ED Sees 41% Increase in Annual House Spending But Spending Levels and Policy Riders Could Stall Enactment

By Hugh T. Ferguson, NASFAA Staff Reporter 

The House Labor, Health and Human Services, Education, and Related Agencies (Labor-H) Appropriations Subcommittee on Monday forwarded their fiscal year 2022 spending plan to the full appropriations committee.

The bill contains an overall 41% increase above the fiscal year 2021 enacted level for Department of Education (ED) programs, matching the president’s budget request of $102.8 billion in discretionary appropriations for ED.

Specifically, the measure would provide a $2.6 billion increase for student aid programs, including an increase in the maximum Pell Grant by $400 that would boost the 2022-23 maximum award to $6,895. This $400 increase in discretionary funding is the same as the increase included in President Biden’s discretionary budget request.

The bill also includes increases for the campus-based aid programs, boosting Federal Supplemental Educational Opportunity Grant (SEOG) funding to $1.03 billion and increasing Federal Work-Study (FWS) spending to $1.43 billion. The funding levels proposed in the bill for SEOG and FWS are $148 million and $244 million more than fiscal year (FY) 2021 spending, respectively, and are far greater than the SEOG and FWS funding included in the Administration’s budget request, which proposed maintaining FY 2021 spending levels for both programs.

The spending plan also provides higher education programs with an increase of $889 million above the fiscal year 2021 enacted level by allocating $1.3 billion for Federal TRIO programs, and $408 million for GEAR UP.

Career technical education (CTE) would be funded at $2.2 billion, which is an increase of $208 million from the enacted level of fiscal year 2021.

Subcommittee Chairwoman Rep. Rosa DeLauro (D-Conn.) fully endorsed the totality of the measure and specifically praised investments being made in higher education.

“I'm also proud of the serious investments made in this bill to make post secondary education more affordable for students with low incomes, with a $400 increase made to the maximum Pell Grant, the foundation of our student aid system, we give students a fighting chance at the American dream, and a brighter future,” DeLauro, who also leads the full committee, said.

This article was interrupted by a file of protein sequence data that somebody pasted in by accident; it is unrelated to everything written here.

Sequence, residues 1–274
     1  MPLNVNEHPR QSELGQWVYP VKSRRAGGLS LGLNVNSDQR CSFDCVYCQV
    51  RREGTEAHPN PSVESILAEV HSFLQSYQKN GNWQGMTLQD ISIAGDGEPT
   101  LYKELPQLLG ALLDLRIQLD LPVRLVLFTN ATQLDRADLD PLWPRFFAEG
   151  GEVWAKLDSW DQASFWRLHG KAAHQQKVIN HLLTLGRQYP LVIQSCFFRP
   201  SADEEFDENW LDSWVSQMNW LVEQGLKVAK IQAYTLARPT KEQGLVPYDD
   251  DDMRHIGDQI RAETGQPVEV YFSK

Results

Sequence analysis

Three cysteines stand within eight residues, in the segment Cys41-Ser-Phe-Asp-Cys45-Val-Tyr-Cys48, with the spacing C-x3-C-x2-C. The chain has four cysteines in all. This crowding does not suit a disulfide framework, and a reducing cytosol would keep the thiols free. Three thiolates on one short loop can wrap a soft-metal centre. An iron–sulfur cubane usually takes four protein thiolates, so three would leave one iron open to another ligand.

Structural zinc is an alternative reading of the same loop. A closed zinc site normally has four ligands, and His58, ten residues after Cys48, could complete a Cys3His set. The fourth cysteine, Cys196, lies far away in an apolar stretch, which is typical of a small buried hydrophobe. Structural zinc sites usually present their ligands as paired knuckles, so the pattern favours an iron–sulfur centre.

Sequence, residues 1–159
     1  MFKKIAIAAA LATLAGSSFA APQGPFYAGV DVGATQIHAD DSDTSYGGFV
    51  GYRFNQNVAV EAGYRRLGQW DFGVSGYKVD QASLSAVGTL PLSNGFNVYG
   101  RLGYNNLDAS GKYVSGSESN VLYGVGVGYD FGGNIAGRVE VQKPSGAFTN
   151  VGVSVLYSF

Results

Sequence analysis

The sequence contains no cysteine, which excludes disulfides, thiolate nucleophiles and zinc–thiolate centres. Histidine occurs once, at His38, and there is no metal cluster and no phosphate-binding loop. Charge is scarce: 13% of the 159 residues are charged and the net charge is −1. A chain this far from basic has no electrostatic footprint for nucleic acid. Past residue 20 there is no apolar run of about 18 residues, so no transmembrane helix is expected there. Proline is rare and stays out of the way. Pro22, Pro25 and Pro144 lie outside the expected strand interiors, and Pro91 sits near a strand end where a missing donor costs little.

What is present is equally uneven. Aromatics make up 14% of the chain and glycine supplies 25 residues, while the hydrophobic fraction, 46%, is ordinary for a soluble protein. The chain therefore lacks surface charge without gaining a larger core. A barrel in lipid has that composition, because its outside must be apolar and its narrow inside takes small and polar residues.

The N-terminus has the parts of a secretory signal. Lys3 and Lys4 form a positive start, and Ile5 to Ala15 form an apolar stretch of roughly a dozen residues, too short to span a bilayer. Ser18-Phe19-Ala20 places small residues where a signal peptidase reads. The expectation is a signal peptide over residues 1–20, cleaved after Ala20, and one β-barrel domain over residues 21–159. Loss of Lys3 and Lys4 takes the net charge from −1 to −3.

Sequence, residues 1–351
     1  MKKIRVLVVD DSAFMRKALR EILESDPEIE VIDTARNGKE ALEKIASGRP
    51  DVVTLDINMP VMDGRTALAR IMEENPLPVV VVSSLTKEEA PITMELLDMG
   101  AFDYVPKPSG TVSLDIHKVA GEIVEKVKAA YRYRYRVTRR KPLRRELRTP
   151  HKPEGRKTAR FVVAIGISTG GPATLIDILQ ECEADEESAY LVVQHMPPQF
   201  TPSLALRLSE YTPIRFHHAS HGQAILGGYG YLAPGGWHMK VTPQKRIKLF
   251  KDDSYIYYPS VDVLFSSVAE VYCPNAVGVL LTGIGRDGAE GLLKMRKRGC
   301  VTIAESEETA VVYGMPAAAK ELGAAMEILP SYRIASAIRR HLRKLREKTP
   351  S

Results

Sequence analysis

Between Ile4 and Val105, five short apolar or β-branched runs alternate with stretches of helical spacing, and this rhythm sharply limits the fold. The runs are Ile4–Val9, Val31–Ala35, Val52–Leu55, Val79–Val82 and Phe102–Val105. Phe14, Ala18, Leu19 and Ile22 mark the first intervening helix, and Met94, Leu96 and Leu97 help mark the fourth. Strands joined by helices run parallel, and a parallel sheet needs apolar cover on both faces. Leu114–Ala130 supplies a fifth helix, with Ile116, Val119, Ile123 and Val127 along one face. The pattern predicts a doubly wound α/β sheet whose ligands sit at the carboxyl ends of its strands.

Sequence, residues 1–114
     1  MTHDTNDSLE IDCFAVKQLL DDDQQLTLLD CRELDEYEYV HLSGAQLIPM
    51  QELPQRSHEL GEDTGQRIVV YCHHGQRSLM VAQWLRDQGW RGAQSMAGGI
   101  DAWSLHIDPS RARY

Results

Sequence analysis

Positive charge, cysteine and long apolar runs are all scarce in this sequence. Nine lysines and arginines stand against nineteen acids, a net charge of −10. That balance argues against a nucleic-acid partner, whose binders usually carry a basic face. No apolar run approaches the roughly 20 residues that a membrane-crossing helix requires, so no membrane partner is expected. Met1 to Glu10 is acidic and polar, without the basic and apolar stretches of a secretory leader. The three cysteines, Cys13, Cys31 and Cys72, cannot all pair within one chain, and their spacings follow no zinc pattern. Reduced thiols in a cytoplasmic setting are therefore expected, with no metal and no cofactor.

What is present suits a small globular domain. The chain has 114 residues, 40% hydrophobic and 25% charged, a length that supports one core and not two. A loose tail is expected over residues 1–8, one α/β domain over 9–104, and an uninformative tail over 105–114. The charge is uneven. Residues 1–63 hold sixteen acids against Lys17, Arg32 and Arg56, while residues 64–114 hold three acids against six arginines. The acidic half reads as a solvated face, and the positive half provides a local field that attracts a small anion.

The subcommittee markup was amicable and Republicans touted areas of agreement with subcommittee ranking member Tom Cole (R-Okla.) highlighting shared interests in funding special education programs as well as TRIO and GearUp to help first-generation students complete college.

However, the spending bill is highly unlikely to garner much, if any, support from Republicans. While leaders from the minority were complimentary towards DeLauro’s leadership they took issue with the overall spending level and a number of so-called poison pills related to provisions concerning health care, labor laws and immigration that accompany the ED spending levels.

Cole referred to the spending levels as “utterly unrealistic” and made it clear that the package would not clear both chambers of congress as currently drafted.

“Madam Chair, you know the Democrats in Congress do not have the majorities capable of passing this bill on their own,” Cole said. “In the days and weeks ahead it is my hope that members on both sides of the aisle and in both chambers can negotiate spending that is reasonable and will not lead to financial disaster.”

The committee is expected to consider the measure during a full committee markup on Thursday July 15 where members will likely engage in extensive debate surrounding amendments to the bill.


Publication Date: 7/13/2021

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